Chapter

Melville and the Marketplace

Sheila Post

in A Historical Guide to Herman Melville

Published in print June 2005 | ISBN: 9780195142822
Published online October 2011 | e-ISBN: 9780199850297 | DOI: http://dx.doi.org/10.1093/acprof:oso/9780195142822.003.0005

Series: Historical Guides to American Authors

Melville and the Marketplace

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Although it is evident that Herman Melville and a number of other contemporary writers incorporated in their works the evident trends in the mid-nineteenth-century literary marketplace, it can be observed that this period could be attributed to a collection of marketplace conditions that appeared to be rather uncommon. Unlike the relatively affluent writers who wrote mainly for leisure, other American authors who wrote for profit had to have their works published first in England to avoid the risk of having their works pirated by publishers in Europe. With this, American writers were tasked to suit their writings to both American and British tastes, since the British focused more on socioeconomic issues while Americans had to accommodate varied readerships across the middle class and debates regarding style and genre.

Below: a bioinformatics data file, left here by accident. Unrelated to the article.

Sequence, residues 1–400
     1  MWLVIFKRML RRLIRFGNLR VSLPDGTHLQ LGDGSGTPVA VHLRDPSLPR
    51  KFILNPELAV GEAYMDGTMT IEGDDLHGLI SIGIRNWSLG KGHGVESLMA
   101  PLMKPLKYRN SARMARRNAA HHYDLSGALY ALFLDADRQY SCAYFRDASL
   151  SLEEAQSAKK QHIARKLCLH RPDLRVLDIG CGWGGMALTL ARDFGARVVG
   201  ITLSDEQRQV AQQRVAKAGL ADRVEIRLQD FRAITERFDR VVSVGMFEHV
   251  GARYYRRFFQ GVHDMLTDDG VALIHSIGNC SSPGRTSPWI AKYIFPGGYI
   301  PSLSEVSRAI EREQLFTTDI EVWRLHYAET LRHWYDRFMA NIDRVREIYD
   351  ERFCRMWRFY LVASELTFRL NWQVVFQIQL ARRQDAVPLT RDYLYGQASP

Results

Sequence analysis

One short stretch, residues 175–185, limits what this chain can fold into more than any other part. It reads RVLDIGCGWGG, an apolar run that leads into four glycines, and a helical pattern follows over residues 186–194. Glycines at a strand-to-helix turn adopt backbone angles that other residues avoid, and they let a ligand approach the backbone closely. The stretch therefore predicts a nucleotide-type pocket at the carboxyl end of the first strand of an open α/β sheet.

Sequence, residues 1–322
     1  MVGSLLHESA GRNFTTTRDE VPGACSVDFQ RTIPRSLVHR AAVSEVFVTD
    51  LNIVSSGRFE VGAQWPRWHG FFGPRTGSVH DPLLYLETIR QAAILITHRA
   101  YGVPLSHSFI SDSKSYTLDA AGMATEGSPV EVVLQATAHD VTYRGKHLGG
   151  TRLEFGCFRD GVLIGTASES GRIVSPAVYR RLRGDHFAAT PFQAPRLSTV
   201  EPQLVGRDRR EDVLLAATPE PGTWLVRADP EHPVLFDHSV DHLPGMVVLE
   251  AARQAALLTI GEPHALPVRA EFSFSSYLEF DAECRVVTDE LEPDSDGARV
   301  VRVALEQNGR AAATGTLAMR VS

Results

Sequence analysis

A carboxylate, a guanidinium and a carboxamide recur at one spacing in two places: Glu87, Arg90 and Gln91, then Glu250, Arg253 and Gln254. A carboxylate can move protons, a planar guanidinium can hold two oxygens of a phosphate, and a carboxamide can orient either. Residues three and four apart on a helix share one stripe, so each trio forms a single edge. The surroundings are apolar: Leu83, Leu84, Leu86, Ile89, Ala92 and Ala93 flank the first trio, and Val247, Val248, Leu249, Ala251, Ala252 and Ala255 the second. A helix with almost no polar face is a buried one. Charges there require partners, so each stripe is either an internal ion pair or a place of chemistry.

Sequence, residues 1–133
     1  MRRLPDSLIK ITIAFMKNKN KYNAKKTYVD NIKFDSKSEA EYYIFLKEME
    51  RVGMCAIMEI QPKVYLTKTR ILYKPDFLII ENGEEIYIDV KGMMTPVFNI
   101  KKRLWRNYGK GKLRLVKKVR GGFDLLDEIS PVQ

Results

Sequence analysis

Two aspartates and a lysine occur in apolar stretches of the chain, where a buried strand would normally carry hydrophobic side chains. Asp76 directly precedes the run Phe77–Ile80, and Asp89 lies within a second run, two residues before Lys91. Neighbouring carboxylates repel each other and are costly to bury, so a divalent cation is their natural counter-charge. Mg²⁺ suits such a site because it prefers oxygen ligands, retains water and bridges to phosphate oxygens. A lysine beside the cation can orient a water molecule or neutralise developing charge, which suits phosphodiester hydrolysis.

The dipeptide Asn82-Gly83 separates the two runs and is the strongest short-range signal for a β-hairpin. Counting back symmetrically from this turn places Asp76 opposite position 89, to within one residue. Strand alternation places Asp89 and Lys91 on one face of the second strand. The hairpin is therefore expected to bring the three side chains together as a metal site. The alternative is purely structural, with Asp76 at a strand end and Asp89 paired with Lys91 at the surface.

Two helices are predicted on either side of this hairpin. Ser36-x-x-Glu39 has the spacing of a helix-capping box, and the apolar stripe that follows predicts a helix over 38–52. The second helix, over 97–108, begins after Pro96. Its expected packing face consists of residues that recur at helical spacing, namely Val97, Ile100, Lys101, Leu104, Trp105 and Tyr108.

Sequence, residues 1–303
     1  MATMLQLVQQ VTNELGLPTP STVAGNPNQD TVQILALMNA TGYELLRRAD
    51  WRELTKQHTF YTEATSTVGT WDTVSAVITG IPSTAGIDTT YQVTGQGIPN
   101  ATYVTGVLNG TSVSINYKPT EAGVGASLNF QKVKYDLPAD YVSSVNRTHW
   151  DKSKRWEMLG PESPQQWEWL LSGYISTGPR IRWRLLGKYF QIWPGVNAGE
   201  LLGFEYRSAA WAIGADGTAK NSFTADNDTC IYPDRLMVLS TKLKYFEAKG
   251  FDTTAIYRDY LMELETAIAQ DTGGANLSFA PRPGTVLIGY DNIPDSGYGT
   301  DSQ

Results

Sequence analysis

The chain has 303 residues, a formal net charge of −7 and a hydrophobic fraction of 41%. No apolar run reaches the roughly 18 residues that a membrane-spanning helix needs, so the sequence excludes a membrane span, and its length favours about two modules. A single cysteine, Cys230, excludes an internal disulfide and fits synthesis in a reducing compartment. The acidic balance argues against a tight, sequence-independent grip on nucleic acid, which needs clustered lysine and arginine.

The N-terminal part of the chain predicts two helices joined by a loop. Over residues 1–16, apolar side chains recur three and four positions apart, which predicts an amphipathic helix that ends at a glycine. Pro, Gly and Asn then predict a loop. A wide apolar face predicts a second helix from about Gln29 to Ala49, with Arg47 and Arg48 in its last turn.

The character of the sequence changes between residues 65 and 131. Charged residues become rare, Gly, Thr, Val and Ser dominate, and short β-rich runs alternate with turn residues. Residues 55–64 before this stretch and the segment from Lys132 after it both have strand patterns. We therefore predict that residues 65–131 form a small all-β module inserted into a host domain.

Keywords: literary marketplace; marketplace conditions; American authors; European publishers; socioeconomic issues; middle class; style; genre

Chapter.  8815 words. 

Subjects: Literary Studies (19th Century)

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